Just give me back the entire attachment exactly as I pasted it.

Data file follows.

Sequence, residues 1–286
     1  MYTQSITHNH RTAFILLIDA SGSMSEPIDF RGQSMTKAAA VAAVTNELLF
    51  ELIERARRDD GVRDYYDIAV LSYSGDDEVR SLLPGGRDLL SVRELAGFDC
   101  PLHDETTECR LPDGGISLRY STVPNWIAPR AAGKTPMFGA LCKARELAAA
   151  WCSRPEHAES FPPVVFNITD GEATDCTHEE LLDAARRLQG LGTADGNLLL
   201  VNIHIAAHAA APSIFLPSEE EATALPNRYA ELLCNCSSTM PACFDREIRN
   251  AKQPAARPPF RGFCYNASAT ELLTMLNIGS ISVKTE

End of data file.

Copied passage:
Sequence, residues 1–286
     1  MYTQSITHNH RTAFILLIDA SGSMSEPIDF RGQSMTKAAA VAAVTNELLF
    51  ELIERARRDD GVRDYYDIAV LSYSGDDEVR SLLPGGRDLL SVRELAGFDC
   101  PLHDETTECR LPDGGISLRY STVPNWIAPR AAGKTPMFGA LCKARELAAA
   151  WCSRPEHAES FPPVVFNITD GEATDCTHEE LLDAARRLQG LGTADGNLLL
   201  VNIHIAAHAA APSIFLPSEE EATALPNRYA ELLCNCSSTM PACFDREIRN
   251  AKQPAARPPF RGFCYNASAT ELLTMLNIGS ISVKTE